Just days before the Women’s World Cup kicks off in New Zealand and Australia, the Australian women’s team has called out soccer’s global governing body FIFA over prize money inequity compared with the Men’s World Cup.
“Collective bargaining has allowed us to ensure we now get the same conditions as the [Australia men’s national soccer team] Socceroos, with one exception,” the Australian players said, in a video statement tweeted by Professional Footballers Australia on Sunday. “FIFA will still only offer women one-quarter as much prize money as men for the same achievement.”
MarketWatch has reached out to FIFA with a request for comment on this story.
In March, FIFA President Gianni Infantino announced that $110 million of basic prize money will be awarded at the Women’s World Cup, up from $30 million for the 2019 tournament. However, that is dwarfed by the $440 million in prize money available at last year’s Men’s World Cup in Qatar.
Infantino said that FIFA aims to have equality in payments for the Men’s and Women’s World Cups in 2026 and 2027, respectively.
Last month, FIFA also announced a new financial distribution model ahead of the Women’s World Cup, detailing player payments at the tournament. Players whose teams exit the tournament at the group stage will receive $30,000, according to FIFA, with payments rising depending on how far teams progress in the tournament.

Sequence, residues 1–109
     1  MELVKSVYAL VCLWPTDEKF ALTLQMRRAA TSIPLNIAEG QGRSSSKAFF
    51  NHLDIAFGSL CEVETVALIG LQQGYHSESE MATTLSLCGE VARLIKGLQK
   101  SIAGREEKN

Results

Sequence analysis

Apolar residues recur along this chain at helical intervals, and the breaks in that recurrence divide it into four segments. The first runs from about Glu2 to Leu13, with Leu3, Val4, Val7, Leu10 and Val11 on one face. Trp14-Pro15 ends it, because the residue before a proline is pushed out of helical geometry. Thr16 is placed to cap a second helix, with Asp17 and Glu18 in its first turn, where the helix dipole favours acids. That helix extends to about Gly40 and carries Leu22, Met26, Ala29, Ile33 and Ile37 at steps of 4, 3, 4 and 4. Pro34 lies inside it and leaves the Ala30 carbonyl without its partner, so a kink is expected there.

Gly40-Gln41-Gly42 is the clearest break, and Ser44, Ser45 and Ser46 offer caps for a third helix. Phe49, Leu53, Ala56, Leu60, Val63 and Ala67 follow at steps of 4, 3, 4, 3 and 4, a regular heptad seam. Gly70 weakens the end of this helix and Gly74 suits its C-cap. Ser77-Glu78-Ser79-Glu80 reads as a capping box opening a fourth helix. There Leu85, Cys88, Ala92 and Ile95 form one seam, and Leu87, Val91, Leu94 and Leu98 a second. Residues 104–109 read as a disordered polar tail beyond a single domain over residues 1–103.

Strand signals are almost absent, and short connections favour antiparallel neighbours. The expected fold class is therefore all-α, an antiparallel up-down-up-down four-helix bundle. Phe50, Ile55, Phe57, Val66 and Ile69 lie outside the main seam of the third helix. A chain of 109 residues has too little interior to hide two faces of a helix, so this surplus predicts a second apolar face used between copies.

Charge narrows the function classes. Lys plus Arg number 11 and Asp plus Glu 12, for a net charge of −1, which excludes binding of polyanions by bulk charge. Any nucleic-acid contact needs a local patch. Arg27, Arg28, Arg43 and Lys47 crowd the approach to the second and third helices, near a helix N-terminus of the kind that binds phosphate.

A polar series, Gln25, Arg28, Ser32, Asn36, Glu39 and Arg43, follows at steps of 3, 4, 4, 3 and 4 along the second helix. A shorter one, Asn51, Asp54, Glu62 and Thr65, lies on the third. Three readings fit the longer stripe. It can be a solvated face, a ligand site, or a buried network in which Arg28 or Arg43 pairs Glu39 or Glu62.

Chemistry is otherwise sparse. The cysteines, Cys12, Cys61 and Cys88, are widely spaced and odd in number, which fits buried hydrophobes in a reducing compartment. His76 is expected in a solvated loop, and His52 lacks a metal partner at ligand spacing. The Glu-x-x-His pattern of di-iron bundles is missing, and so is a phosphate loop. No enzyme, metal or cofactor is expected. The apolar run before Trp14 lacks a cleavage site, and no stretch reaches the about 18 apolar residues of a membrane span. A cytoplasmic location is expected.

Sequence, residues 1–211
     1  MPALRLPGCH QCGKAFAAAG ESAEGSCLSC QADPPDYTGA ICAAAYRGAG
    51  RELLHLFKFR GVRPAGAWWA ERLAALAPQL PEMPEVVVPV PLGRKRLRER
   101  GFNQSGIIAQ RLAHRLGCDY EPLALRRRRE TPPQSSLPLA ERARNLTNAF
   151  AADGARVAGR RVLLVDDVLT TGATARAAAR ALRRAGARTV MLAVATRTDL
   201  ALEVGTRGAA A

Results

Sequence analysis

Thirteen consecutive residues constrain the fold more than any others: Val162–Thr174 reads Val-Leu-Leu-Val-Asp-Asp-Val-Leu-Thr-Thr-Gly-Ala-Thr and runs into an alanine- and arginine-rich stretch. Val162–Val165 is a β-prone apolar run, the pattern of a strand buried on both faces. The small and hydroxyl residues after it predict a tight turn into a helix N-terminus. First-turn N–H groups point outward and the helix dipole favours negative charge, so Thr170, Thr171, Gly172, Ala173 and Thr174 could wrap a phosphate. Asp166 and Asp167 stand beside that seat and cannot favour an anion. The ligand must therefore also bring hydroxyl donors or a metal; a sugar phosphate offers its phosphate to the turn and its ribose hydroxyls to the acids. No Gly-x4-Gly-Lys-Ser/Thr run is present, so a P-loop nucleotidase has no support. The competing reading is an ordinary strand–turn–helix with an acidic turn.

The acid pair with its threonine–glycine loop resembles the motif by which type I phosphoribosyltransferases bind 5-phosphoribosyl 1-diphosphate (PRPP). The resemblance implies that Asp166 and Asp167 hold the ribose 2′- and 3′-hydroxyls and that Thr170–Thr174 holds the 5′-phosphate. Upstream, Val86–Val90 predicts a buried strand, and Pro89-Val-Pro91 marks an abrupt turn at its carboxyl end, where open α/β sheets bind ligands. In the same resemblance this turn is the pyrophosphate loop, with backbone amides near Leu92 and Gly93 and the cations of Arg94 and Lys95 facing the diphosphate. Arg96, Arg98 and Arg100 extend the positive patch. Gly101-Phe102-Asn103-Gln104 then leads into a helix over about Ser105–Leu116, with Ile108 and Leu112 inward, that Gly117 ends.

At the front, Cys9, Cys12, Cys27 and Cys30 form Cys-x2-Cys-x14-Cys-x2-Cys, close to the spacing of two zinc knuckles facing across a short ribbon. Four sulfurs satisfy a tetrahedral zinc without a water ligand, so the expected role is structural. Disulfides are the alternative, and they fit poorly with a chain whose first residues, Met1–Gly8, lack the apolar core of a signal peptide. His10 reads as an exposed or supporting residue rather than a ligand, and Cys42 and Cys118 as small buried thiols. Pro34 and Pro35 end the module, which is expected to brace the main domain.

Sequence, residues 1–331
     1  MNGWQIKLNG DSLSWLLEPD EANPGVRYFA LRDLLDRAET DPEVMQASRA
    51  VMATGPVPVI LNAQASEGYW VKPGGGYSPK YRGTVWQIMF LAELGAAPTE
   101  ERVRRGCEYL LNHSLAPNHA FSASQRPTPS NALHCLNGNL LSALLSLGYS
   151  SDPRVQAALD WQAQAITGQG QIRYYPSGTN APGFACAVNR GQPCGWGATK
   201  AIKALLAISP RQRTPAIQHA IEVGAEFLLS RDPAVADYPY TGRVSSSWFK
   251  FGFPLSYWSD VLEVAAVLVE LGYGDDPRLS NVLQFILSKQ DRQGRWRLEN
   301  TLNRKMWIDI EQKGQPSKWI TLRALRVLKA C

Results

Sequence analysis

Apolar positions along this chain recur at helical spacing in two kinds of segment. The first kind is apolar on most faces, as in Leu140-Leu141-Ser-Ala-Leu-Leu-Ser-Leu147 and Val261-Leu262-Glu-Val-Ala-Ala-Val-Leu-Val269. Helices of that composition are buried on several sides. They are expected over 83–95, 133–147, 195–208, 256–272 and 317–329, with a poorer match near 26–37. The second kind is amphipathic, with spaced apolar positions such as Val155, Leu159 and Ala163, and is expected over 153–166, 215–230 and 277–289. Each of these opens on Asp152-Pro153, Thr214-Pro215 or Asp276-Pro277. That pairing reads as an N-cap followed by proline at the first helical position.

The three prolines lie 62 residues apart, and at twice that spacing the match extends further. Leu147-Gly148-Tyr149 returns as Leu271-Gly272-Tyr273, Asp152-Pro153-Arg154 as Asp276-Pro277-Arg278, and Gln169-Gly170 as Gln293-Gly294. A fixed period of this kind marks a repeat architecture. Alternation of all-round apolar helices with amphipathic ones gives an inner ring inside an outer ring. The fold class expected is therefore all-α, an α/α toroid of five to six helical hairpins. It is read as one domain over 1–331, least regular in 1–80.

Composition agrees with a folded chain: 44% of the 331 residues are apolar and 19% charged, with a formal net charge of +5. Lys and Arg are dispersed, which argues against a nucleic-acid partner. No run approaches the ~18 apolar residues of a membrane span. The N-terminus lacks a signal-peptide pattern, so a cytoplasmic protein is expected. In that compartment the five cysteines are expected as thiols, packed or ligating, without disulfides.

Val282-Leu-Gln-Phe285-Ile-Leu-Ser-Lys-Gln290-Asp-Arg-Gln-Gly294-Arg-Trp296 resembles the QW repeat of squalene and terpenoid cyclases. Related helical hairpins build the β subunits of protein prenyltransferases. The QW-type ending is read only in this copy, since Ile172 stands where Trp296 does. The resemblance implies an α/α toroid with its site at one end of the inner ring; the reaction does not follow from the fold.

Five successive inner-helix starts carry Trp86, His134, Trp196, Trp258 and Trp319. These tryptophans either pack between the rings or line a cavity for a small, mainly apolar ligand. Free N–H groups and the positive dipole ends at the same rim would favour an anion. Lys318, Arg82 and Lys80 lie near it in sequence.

“Under this unprecedented new distribution model, each individual player at the FIFA Women’s World Cup 2023 can now fully rely on remuneration for their efforts as they progress through the tournament,” Infantino said in a statement. “The captain that ultimately lifts the iconic FIFA Women’s World Cup Trophy on Aug. 20 in Sydney will receive $270,000, as will each of her 22 teammates.”
“The global salary of women’s professional footballers is approximately $14,000 annually, so the amounts allocated under this unprecedented new distribution model will have a real and meaningful impact on the lives and careers of these players,” Infantino added.
New Zealand faces Norway in the World Cup’s opening game Thursday, with the Australian team, known as the Matildas, playing Ireland later that day.
Other national teams have been fighting for pay equity. Last year the U.S. women’s national team won their long fight for equal pay with the men’s national team.
The Canadian women’s national team, winners of the gold medal at the Tokyo Olympics, has also been embroiled in a fight for pay equity with Canada Soccer.